Two ferries due to be in service in 2018 have been delayed further by coronavirus and will not be ready until 2022 and 2023, economy secretary Fiona Hyslop revealed to MSPs today.
The Ferguson Marine shipyard in Port Glasgow was awarded a £97 million contract to build the vessels, designated 801 and 802, before it collapsed into administration last August and was saved by the Scottish Government.
However, significant delays were discovered in the building of the ships which pushed back their completion to October 2021 and July 2022 respectively, as well as increasing the cost by £110.3 million.
Ms Hyslop said today the project would be delayed by a further six months for each ferry.
She said Glen Sannox would not be completed until between April and June 2022.
The second ship will not be finished until between December 2022 and February 2023.
‘Hugely challenging year’
The coronavirus-induced lockdown has also cost an extra £3.3 million, Ms Hyslop said.
However this will not be treated as an extra cost to the project, but instead an exceptional item.
She told MSPs: “This has been a hugely challenging year for the business.
"In line with much economic activity across Europe, the Covid pandemic has essentially closed the yard for six months.
"Despite that interruption to business, much has been achieved.
"Work to complete the ferries can now proceed at full speed.
“I believe we can look to the future with confidence.”
When the extent of the overspend and delays became clear, the then finance secretary Derek Mackay blamed mismanagement by Ferguson Marine.
An inquiry by Holyrood’s rural economy and connectivity committee will take evidence from Ms Hyslop and islands minister Paul Wheelhouse tomorrow.
Former Fergusons owner Jim McColl has claimed it could cost as much as £300 million to complete the contract.
Scottish Conservatives transport spokesperson Graham Simpson said: “It’s a shambles.
The SNP Government can’t just blindly ignore their past failures and pretend it was all somebody else who caused this fiasco.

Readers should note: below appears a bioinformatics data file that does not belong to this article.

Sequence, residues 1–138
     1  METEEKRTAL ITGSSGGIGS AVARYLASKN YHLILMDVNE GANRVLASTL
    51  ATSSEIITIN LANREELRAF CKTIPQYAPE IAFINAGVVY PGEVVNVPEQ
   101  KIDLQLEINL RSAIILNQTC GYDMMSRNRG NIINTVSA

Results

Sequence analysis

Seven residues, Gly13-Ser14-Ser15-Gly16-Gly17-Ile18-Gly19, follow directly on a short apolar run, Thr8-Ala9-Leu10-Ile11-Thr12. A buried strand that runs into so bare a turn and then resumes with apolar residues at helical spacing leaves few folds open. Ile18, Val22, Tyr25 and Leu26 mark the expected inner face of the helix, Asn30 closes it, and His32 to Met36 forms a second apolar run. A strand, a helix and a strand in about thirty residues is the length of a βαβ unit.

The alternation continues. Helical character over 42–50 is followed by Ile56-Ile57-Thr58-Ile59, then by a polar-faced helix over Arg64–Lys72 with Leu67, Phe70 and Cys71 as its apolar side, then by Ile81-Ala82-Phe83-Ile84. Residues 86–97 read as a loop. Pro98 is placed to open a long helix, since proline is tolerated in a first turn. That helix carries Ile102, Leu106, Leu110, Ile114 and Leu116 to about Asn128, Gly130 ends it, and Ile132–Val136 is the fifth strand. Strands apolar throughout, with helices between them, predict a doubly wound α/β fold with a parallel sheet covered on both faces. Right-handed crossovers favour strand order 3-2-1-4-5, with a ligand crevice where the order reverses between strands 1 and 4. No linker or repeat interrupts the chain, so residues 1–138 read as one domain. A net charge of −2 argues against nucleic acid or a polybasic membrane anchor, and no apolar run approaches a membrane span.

“The SNP’s repeated failures have been clouded in secrecy for far too long, and we still don’t know how much this scandal will ultimately cost Scottish people.”
Scottish Labour transport spokesperson Colin Smyth said: “This ferry fiasco strikes at the very heart of the incompetence of this Government.
“Contracts were signed in 2015 for these two ferries and we were told by the First Minister it was a fixed price of £97m for delivery in 2018.
“More than four years later, in December 2019 we were told the additional costs to complete the two ferries over and above what had already been spent was estimated to be between £110.3m and £114.4m, with delivery of one ferry by the end of 2021 and the second by October 2022.
“Now we’re told there are further cost of at least £3.3 million, albeit Covid related.
“With costs doubling, and these ferries now running five years late, it’s time the Scottish Government took some responsibility for this growing scandal.”
A message from the Editor:
Thank you for reading this story on our website. While I have your attention, I also have an important request to make of you.
With the coronavirus lockdown having a major impact on many of our advertisers - and consequently the revenue we receive - we are more reliant than ever on you taking out a digital subscription.
Subscribe to scotsman.com and enjoy unlimited access to Scottish news and information online and on our app.
With a digital subscription, you can read more than five articles, see fewer ads, enjoy faster load times, and get access to exclusive newsletters and content.
Visit https://www.scotsman.com/subscriptions now to sign up.
Our journalism costs money and we rely on advertising, print and digital revenues to help to support them.
By supporting us, we are able to support you in providing trusted, fact-checked content for this website.